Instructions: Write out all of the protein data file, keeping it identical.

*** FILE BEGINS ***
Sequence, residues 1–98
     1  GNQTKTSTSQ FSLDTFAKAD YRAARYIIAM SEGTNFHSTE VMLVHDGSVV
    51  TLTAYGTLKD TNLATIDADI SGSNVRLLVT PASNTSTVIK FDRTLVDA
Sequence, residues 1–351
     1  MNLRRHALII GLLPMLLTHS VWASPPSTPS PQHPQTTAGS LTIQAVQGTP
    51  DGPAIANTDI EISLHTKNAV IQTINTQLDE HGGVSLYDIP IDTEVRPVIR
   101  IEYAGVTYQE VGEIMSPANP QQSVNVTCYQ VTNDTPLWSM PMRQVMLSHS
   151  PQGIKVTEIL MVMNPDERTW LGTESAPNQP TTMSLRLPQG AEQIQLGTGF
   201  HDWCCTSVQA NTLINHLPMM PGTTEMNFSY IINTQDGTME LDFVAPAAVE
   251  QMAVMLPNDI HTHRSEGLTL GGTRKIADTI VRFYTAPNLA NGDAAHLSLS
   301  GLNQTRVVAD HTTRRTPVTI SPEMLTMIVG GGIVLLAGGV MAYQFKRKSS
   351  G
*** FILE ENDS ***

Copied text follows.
Sequence, residues 1–98
     1  GNQTKTSTSQ FSLDTFAKAD YRAARYIIAM SEGTNFHSTE VMLVHDGSVV
    51  TLTAYGTLKD TNLATIDADI SGSNVRLLVT PASNTSTVIK FDRTLVDA
Sequence, residues 1–351
     1  MNLRRHALII GLLPMLLTHS VWASPPSTPS PQHPQTTAGS LTIQAVQGTP
    51  DGPAIANTDI EISLHTKNAV IQTINTQLDE HGGVSLYDIP IDTEVRPVIR
   101  IEYAGVTYQE VGEIMSPANP QQSVNVTCYQ VTNDTPLWSM PMRQVMLSHS
   151  PQGIKVTEIL MVMNPDERTW LGTESAPNQP TTMSLRLPQG AEQIQLGTGF
   201  HDWCCTSVQA NTLINHLPMM PGTTEMNFSY IINTQDGTME LDFVAPAAVE
   251  QMAVMLPNDI HTHRSEGLTL GGTRKIADTI VRFYTAPNLA NGDAAHLSLS
   301  GLNQTRVVAD HTTRRTPVTI SPEMLTMIVG GGIVLLAGGV MAYQFKRKSS
   351  G